Il Magnesio E Le Sue Leghe Convegno Modena En 14102009


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On magnesium and its alloys, Modena, 14/10/2009

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Il Magnesio E Le Sue Leghe Convegno Modena En 14102009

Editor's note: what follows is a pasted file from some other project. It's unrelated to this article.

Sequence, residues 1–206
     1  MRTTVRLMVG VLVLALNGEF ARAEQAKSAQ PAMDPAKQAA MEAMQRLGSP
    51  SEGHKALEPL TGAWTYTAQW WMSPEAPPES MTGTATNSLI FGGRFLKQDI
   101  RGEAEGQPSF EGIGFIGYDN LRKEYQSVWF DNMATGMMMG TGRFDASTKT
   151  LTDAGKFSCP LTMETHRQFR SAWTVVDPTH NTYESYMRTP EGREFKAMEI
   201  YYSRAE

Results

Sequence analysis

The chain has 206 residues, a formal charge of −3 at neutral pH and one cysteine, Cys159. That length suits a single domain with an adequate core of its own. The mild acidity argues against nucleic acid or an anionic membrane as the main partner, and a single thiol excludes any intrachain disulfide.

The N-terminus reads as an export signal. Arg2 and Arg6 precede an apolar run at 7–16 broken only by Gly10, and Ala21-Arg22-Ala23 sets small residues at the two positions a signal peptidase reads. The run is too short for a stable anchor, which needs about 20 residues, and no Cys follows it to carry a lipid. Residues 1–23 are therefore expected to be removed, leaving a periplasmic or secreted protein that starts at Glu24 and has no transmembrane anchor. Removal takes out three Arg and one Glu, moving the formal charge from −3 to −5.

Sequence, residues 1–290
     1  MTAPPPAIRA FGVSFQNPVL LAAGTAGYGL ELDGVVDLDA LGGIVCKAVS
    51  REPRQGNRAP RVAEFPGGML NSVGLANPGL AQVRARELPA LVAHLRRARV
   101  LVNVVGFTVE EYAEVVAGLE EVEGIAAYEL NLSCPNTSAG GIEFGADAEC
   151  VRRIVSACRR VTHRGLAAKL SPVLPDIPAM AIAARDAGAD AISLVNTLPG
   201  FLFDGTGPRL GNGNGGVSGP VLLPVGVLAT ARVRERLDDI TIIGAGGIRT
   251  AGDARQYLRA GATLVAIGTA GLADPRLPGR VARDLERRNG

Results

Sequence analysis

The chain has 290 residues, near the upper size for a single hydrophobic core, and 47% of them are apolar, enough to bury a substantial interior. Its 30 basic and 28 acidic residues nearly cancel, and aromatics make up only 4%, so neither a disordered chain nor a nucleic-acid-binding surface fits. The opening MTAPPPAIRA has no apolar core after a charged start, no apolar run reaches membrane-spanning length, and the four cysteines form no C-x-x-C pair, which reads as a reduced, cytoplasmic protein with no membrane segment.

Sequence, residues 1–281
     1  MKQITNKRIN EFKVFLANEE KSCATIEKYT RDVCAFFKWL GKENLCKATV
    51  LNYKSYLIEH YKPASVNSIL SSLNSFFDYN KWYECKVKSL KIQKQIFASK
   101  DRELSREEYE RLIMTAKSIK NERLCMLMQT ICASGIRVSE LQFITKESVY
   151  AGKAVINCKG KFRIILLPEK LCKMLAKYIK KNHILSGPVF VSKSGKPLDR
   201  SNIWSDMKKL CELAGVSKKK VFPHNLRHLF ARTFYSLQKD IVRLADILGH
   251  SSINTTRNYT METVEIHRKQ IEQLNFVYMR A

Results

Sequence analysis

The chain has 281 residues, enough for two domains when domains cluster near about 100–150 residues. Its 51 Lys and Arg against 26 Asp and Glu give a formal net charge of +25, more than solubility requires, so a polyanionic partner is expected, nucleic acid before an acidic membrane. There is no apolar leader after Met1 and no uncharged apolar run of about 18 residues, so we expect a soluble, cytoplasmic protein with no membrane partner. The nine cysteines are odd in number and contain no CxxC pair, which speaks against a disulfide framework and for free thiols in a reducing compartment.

1. 1. VALERI CONSULENZA INDUSTRIALE d i Gu a l t i e ro A. N. Va l e r i VALERI INDUSTRIELLE BERATUNG - VALERI C ONSULTATION INDUSTRIELLE VALERI INDUSTRIAL CONSULTING - VALERI ASESORAMIENTO INDUSTRIAL Via Besso, 59 – P.O. Box 729 - 6903 Lugano (CH) phone +41/91/960 05 60÷61 - fax +41/91/960 05 62 e-mail: Web: www.vale MAGNESIUM AD ITS ALLOYS: A MATERIAL FOR THE XXI CENTURY ENGINEERING INDUSTRY Symposium “Magnesium and Motorsport”, Modena, october 14, 2009 Gualtiero A.N. Valeri – Valeri consulenza Industriale, Lugano President of Montevenda Engineering International Association, Foundation for Development of Ethical Engineering, Lugano Magnesium is not a new metal: its oxide was recognized from the beginning of the eighteenth century and called “bitter earth”, but I notice in the form of sulphate (“English salt”, or “bitter salt”, or “Epsom salt”) from the seventeenth century, obtained from the mineral springs of Epsom, the first, though, that distinguished him sharply from the calcium oxide by the different solubility of its sulfate was the Scottish chemist Joseph Black (Bordeaux 16/4/1728 † Edinburgh 6/12/1799) in 1755. To get it in metallic form, however, it was not until 1808, when the English chemist Sir Hum- phrey Davy (Penzance 17/12/1778 † Geneva, 29/5/1829) obtained it by electrolysis, but you have to wait up until 1831 because the French chemist Antoine Alexandre Brutus Bussy (Marseilles, 29/5/1794 † Paris 1/2/1882) prepared as the metal mass compact. Then spent two centuries in his first identification as galenicals to the extraction of pure metal from its salts: this is due to its low electronegativity (for which high reactivity, strong reducing agent for excellence), which makes its salts are very stable and difficult to break. This high reactivity is also the basis of difficulties for its use as a pure metal or alligator, machi- ne building, for which, as we shall see, although its use may begin in the aviation industry since the days of World War I, only now it begins to look like metal material serviceable for the manufacture of items of mass consumption. Still, the magnesium is not a rare metal, constituting as much as 2.3% by weight of the litho- sphere, entering the composition of dolomite (double carbonate of calcium and magnesium, with an average content of magnesium by 43%), contained large quantities in salt deposits of Stassfurt, and in the sea water which has an average content of 1.37%. It is therefore the eighth most abundant ele- ment in Earth's crust. For its extraction are used primarily to dolomite and seawater; obtained oxide, the metal is ob- tained either electrowinning (with a rather complex process), or by silicotermica. Gualtiero A.N. Valeri “Magnesium ad its alloys: a material for the XXI century engineering industry”, Modena, 14/10/2009 1/4